Vetements updated their white shirt with a camisole overlay made from a contrasting black and white pinstriped fabric.

While white is the order of the day, light blue has also proved popular. Christopher Kane’s bright blue version came with rubber pockets and cuffs. Even denim made an appearance at Stella McCartney.

While many of the bigger brands included a version of the shirt in their collections, others based their entire line around the trend. British label Palmer//Harding specialises in innovating the classic shirt with various directional styles updated with gathers, contrasting big fronts, oversized cuffs and step hems at the back. New York label Monse’s debut collection for spring includes pinstriped versions with sliced sleeves while another was reworked into chic minidresses with the sleeves tied across the chest.

Also topping wish lists is British designer J.W. Anderson’s six-piece shirting capsule collection for Net-a-porter, which includes new shapes such as off the shoulder tops, shirts with a built-in bodice, and corsets.

If the above doesn’t meet your budget, head to high street label COS, where shirts are their core product this season and come in various permutations. Also worth checking out is Hong Kong brand PI’A, which includes the best-selling Camden, a one-shoulder short-sleeve shirt with a deconstructed asymmetric shape and split back.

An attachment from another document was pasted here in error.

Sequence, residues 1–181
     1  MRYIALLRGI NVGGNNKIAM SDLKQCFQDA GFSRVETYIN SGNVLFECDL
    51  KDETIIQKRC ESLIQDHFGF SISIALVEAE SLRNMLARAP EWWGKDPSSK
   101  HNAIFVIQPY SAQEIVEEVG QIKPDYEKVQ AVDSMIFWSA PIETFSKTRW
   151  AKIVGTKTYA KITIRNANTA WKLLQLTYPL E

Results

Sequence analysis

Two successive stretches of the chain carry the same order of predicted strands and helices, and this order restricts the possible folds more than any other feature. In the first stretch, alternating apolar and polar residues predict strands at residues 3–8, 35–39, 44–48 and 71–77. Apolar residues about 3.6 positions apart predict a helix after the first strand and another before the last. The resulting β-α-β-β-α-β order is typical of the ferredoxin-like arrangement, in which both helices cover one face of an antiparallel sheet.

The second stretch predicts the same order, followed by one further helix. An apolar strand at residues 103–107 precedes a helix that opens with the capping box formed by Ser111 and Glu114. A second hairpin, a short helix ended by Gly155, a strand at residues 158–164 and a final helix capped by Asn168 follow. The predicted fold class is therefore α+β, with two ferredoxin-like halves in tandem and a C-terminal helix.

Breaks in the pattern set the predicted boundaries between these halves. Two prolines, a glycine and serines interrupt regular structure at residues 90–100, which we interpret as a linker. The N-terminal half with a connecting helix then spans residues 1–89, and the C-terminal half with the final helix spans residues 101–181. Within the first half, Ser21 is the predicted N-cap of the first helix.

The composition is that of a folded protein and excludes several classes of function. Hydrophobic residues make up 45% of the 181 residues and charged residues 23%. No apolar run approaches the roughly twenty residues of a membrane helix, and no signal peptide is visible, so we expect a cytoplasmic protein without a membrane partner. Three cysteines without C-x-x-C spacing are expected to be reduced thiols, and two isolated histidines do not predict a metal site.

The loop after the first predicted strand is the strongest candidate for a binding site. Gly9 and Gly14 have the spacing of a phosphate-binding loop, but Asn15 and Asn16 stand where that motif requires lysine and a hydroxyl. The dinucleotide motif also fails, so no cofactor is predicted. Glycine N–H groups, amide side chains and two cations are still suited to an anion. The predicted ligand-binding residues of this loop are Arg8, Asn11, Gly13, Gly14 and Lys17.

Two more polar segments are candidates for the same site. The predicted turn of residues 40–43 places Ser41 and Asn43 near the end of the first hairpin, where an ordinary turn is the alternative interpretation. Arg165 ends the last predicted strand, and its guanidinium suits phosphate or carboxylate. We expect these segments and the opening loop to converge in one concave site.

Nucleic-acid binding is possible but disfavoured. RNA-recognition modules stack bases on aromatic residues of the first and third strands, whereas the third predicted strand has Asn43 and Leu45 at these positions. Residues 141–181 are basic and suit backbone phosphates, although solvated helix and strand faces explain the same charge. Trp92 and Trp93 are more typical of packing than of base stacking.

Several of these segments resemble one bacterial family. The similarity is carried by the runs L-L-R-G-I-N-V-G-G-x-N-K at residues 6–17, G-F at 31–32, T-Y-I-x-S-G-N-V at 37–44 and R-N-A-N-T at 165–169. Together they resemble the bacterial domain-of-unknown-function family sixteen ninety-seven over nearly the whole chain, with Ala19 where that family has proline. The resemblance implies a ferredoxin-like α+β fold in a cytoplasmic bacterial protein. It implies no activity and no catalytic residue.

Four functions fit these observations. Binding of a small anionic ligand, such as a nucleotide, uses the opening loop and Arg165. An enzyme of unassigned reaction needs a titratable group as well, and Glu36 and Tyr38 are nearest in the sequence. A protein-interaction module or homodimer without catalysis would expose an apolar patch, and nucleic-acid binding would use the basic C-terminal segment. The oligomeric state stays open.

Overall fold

Once you have purchased your new shirt, it’s all about presenting it in a modern and fresh way. Naturally some of the more “edgy” pieces won’t be as easy to integrate into your wardrobe as a basic button-up, so it’s best to pair it with simple basics such as jeans or trainers.

“These statement-making shirts will be the focal point of your outfit so pair with some cropped high-waisted jeans and golden goose trainers or some floor-sweeping wide leg trousers from Osman, The Row or Chloe and pair of platform sandals from Aquazurra,” advises Kingham.

Proportions are also key to balancing the look, according to Aiken.

“Teaming a reworked shirt with a super oversized pant and flat feels like my uniform at the moment. Layering is also key, adding a bandeau over a shirt or polo neck underneath is an instant update. Take it away from any corporate connotations – I love playing with contrasting masculine stripes, or teaming a stripe style with a checked one,” she says.

For those who prefer not to spend money on spring’s fancy versions, there are plenty of ways to update basic styles that you already own. For example, many street-style stars have been spotted wearing their shirts back to front for a cool, androgynous look.

“Your white shirt look can be as simple as a just ironed or creased shirt. Alternatively, you can take the sleeves and tie it across your chest to turn it like a tube top to go with the drop shoulder trend for this spring/summer – it is sexy, creative and fun.”

“Or wear your white shirt with your favourite simple jeans, or basic blazer for an androgynous look,” suggests Kelly Wong, general merchandise manager – women’s wear at Lane Crawford.